ATM 551 - Introduction to Atmospheric Science


Course Description: This core graduate course covers the basics of atmospheric science including atmospheric thermodynamics, radiative transfer, atmospheric chemistry, atmospheric dynamics, weather systems, the boundary layer, and climate dynamics.

ATM 614 - Introduction to Weather and Climate

Course Description: This course will cover the structure, physics, dynamics and thermodynamics of the atmosphere; including weather analysis, weather forecasting, climate and climate change. Contemporary topics covered in this class will include global warming, the ozone hole, hurricanes, thunderstorms and other severe weather phenomena.

ATM 653 - Climate Change

Course Description: Overview of the physical processes which regulate the earth's climate and response to forcing.

ATM 683 - Topics in Climate Dynamics


Course Description: The field of climate dynamics is rapidly evolving. There are a number of issues that are being hotly debated within the scientific community as well as in public arenas, but which are not covered in textbooks or traditional climate dynamics courses. The goal of this course is to expose students to emerging topics in the literature, and to have them critically evaluate journal articles to identify advances as well as the questions that remain open.

ATM 732 - Climate Dynamics

Course Description: Basic understanding of the Earth's Climate System and its variability on time scales ranging from weeks to millennia. Topics include internal atmospheric variability, coupled ocean-atmosphere interactions, and the theory, observations and modeling of climate change.

ATM 765 - General Circulation of the Atmosphere

Course Description: Course topics include structure and behavior of planetary scale motions, energy, momentum, and moisture budgets of the general circulation, and models of the general circulation and climatic change.

ATM 768 - ENSO Dynamics, Prediction and Predictability

Course Description: This course will provide students with a comprehensive observational and mechanistic understanding of the El Nino and the Southern Oscillation (ENSO) phenomen a and how ENSO impacts the natural variability of the global climate system. Topics will include: Observations and theories of the seasonal and interannual changes in the ocean circulation and temperature, and interactions with the atmosphere; equations of motion and theories of tropical ocean and atmosphere circulation; tropical wave dynamics; large scale air-sea coupling; mechanisms for EN SO: delayed oscillator theory, recharge oscillator theory, slow SST modes; ENSO prediction and predictability; ENSO-monsoon-Indian Ocean intersctions; Global climate response to ENSO; decadal ENSO variability; ENSO in a changing climate. This course has a phenomenological focus, which complements current MPO course offerings. In particular, students who have taken dynamic and physical meteorology, ocean general circulation or geophysical fluid dynamics will be exposed to how general theory (e.g., wave dynamics) relates to particular phenomena an d current research foci. In addition, student will have the opportunity to design and implement numerical hypothesis testing experiments.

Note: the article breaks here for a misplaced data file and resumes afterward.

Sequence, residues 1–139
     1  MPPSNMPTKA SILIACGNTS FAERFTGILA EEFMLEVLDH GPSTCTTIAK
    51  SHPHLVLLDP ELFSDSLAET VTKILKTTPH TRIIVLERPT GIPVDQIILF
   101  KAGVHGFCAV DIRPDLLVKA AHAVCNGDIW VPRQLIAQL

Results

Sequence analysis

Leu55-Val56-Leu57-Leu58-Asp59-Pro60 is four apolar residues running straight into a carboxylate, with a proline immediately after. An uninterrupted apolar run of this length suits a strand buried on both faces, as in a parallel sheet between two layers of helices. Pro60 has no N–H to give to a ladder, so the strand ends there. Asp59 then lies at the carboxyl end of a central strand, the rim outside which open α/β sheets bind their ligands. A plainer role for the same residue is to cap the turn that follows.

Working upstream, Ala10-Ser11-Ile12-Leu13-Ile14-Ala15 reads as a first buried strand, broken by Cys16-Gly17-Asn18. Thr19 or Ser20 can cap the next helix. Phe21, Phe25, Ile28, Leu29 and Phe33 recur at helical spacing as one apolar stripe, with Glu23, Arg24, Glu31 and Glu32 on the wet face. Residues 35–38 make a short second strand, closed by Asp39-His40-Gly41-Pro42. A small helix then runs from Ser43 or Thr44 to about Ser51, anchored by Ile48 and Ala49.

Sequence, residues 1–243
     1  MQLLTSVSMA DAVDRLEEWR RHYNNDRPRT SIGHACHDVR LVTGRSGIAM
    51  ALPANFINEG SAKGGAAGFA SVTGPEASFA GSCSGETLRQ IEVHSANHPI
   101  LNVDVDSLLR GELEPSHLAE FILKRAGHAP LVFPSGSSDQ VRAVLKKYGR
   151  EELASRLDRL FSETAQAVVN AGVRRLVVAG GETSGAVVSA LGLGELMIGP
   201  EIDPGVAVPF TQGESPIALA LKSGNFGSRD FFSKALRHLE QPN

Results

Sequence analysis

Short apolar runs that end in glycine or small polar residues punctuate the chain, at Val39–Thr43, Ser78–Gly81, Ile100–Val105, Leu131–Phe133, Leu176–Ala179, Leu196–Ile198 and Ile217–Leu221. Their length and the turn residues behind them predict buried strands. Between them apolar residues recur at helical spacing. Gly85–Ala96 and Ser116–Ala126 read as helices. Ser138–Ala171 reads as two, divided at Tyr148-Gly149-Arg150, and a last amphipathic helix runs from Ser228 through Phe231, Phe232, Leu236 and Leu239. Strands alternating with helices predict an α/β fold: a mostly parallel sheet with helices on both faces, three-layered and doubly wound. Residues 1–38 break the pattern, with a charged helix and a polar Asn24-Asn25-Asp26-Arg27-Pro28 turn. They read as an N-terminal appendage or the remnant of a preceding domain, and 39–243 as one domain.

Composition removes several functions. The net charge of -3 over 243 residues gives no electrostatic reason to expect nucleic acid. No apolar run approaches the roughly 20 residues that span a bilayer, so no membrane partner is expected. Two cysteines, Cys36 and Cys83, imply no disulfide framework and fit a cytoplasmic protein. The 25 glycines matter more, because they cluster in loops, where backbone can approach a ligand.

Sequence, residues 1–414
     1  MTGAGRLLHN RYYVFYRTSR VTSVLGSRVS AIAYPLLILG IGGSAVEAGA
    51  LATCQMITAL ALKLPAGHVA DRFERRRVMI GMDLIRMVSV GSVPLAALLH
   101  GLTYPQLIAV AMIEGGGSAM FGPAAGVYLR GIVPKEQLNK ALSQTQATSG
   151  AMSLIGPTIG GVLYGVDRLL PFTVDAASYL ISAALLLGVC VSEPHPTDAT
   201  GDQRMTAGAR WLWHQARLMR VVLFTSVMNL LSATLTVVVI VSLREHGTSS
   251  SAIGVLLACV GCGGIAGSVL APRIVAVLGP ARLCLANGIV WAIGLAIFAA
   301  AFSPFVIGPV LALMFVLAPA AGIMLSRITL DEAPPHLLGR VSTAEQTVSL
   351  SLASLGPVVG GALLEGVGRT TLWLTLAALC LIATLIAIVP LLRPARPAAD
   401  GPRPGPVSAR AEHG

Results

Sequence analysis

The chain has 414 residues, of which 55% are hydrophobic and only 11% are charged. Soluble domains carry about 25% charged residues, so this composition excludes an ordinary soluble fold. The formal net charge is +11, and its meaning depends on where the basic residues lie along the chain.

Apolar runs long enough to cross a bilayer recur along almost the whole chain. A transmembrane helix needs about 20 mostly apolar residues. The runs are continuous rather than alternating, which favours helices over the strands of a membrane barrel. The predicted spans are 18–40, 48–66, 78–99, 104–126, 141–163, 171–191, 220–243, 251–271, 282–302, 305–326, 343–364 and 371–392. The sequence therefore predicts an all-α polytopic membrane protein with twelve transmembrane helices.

RSM 620 - Climate and Society


Course Description: Climate is one of the most salient public policy issues across local, regional, national, and international scales today. Assessing and managing the risks posed by climate variability and change, now and in the future, is a major driver of national policy and is an issue of lively public debate. This course starts with an examination of the changing relationships between climate and societies through history with a focus on the role that climate science has played. Through the course we examine the direct and indirect consequences of climate variability and change for society, both now and potentially in the future. These consequences - physical effects, policy responses, economics, risk perceptions, discourses, and debates - will be examined from a number of different disciplinary perspectives. By the end of the course, you will understand both the science and how the science has been used in a number of different contexts.

RSM 672 - Introduction to Science Policy


Course Description: This graduate level course provides an introduction to some of the fundamental concepts in science policy and public policy. It is designed for graduate students in the physical and biological science disciplines who want to gain an understanding of science in societal contexts. Through this course, students will learn the basics for scientists engaging in the policy and political processes. It will provide an opportunity for scientists to learn to become as disciplined about policy as they are their own science.